A rail station captivates with light
Artist Ivan Toth Depeña enlisted Focus Lighting of New York City to help develop his concept for a permanent interactive light-based art installation in downtown Miami, Florida. The installation, commissioned by Miami-Dade Art in Public Places, is located in the busy Stephen P. Clark Government Center MetroRail station in Miami, Florida, USA. Today, visitors and commuters moving through the station often stop in their tracks to take a second look at what they see — abstract versions of themselves.
Depeña's vision was to highlight the communal nature of the space and to integrate the idea of the daily movement within the space into his piece using sensors and light. Focus Lighting worked with Depeña to produce a sample light box prototype to help visualize his proposal to the City of Miami. Once the winning project was commissioned, Depeña and Focus Lighting worked together to resolve logistical and technical challenges ranging from box design, light source, and construction to fixture brightness and method of control.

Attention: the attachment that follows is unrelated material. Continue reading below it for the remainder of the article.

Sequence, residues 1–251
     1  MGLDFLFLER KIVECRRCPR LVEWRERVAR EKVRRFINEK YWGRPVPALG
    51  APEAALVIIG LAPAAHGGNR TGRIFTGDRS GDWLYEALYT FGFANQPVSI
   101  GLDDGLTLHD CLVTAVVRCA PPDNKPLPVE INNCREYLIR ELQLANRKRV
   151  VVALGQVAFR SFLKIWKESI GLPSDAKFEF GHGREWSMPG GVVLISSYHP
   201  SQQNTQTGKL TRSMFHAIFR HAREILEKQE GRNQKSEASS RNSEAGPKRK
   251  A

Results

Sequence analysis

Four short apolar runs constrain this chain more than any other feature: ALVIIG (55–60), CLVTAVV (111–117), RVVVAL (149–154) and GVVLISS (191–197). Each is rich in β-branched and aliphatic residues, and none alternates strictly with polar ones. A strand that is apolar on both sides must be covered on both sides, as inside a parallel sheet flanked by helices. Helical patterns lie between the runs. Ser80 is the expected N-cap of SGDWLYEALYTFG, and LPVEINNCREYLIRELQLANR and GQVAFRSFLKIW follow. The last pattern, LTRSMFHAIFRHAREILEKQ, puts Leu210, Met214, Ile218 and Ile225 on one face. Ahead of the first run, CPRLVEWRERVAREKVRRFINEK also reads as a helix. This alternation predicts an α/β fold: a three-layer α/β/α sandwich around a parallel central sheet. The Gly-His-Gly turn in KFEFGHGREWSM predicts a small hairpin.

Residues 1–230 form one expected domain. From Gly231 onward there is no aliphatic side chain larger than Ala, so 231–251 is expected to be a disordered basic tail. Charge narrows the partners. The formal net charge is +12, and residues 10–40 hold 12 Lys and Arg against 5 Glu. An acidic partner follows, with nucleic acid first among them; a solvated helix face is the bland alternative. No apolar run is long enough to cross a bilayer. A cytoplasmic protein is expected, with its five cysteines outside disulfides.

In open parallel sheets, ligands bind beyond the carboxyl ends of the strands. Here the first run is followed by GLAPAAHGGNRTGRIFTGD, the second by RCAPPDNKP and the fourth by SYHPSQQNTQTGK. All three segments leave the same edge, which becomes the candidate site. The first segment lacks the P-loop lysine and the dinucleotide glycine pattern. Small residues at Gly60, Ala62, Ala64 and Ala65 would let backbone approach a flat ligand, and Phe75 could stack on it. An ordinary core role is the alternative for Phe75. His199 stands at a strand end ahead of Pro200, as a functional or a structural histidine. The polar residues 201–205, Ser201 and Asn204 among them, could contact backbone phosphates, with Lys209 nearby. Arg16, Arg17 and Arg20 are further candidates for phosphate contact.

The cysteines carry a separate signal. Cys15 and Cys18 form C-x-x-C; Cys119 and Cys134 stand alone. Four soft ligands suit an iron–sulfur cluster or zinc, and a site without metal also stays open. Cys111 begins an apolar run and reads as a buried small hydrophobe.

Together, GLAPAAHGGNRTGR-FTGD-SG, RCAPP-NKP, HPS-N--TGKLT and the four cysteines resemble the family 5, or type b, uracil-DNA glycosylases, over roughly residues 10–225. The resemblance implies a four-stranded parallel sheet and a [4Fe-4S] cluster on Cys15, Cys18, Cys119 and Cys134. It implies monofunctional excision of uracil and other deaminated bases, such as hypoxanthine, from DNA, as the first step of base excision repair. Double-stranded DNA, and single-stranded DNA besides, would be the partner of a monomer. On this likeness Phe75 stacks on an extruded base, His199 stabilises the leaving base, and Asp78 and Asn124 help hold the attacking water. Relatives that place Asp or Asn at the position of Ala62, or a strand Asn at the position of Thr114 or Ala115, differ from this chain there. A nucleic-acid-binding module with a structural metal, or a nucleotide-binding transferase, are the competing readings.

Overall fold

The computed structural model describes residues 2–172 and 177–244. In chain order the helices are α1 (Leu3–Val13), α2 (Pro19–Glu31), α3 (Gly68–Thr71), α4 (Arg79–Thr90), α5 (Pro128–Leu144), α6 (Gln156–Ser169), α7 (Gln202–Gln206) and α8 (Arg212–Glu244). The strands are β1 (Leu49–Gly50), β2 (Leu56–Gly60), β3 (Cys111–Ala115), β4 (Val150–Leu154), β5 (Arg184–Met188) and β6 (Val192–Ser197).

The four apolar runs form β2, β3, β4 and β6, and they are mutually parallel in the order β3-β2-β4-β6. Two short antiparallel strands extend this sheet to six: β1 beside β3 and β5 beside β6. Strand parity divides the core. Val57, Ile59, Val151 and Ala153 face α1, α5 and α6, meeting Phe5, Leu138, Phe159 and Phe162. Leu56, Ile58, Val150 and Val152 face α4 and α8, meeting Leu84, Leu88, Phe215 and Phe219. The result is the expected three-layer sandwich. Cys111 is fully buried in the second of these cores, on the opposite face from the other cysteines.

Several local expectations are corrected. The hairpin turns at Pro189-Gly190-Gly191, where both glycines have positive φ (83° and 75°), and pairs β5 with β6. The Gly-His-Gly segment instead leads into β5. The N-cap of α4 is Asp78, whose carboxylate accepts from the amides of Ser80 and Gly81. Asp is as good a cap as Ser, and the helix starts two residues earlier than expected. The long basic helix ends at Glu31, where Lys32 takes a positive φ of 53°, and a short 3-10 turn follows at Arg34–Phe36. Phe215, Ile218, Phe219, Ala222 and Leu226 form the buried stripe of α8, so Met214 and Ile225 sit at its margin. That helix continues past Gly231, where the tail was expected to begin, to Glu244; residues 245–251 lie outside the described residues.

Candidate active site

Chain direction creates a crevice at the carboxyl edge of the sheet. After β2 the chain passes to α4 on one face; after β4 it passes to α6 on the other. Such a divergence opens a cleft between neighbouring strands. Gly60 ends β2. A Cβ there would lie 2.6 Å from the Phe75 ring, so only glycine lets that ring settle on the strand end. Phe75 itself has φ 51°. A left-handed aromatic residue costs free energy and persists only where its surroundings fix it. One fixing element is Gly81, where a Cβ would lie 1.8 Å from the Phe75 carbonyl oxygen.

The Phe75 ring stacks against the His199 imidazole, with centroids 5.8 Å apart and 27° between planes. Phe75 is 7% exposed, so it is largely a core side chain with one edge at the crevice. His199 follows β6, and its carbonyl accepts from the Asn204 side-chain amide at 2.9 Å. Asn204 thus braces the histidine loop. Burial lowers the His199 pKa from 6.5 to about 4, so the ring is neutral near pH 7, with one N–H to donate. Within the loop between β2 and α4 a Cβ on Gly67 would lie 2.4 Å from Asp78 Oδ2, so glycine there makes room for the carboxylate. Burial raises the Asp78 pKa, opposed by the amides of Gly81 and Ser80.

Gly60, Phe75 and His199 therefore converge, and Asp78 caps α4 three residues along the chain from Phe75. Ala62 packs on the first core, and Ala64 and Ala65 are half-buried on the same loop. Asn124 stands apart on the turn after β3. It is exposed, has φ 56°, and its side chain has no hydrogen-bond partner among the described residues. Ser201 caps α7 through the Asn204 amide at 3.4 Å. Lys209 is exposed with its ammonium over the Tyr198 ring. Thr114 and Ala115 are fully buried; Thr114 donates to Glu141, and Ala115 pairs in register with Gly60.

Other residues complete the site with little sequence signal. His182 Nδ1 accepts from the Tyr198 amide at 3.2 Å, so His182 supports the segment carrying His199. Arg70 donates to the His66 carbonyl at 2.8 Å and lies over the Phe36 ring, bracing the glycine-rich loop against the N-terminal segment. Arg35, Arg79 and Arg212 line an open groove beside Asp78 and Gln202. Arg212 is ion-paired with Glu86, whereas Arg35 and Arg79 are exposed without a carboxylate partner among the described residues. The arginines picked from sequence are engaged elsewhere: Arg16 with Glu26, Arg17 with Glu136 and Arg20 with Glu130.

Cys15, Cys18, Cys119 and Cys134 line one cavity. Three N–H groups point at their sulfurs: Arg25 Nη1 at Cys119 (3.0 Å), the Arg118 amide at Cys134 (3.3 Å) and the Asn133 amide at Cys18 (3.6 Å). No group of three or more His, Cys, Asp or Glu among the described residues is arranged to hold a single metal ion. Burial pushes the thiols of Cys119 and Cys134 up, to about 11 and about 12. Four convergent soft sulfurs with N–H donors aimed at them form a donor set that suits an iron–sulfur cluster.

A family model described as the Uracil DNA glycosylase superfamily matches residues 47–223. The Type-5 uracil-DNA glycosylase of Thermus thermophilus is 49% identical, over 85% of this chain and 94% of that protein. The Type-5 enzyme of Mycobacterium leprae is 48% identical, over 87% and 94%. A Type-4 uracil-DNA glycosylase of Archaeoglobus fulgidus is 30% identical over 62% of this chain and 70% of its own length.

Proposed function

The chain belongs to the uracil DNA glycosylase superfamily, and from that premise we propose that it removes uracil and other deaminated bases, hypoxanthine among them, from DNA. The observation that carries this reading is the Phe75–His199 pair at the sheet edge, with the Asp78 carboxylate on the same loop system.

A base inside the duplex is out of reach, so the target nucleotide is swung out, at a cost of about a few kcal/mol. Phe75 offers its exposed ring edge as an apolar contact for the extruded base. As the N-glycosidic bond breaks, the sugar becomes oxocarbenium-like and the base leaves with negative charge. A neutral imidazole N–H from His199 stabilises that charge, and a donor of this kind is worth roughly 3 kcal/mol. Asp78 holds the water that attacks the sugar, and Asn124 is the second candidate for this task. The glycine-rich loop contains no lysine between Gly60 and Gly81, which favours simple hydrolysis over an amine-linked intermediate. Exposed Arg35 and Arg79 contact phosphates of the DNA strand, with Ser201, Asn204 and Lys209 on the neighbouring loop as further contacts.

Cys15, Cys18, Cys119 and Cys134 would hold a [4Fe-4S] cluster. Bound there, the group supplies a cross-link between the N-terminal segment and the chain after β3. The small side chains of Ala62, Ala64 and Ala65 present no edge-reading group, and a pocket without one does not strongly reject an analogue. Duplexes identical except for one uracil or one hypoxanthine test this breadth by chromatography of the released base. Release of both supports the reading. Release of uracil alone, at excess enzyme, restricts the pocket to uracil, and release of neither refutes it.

For the final project, Depeña and Focus Lighting custom designed and developed five 3.9 m (13 ft) light boxes, between 1.8 m (6 ft) and 2.4 m (8 ft) wide, and outfitted them with Color Kinetics iColor Flex LMX LED strings and iColor Cove QLX linear LED luminaires. The LED light boxes are controlled by a Color Kinetics Video System Manager Pro (VSM Pro), an integrated hardware and software solution enabling video playback and visual effects. Focus Lighting developed custom camera tracking software that collects data from passers-by which is then sent to the VSM Pro to generate the abstract reflections.
Depeña wanted to do more than just generate abstract reflections, requiring Focus Lighting to program the boxes to respond to multiple factors. For instance, colors vary depending on the time of day, and the size of the images corresponds to the visitors' distance from the box. Despite these transformations, the visitors' reflections are of accurate scale and proportion so that they can easily recognize the forms as their own.
Even when there is no movement in the lobby area, the light boxes replay animations from previously recorded interactions with visitors. The installation seeks to engage visitors and promote a sense of community through "group interactivity and high-tech playfulness."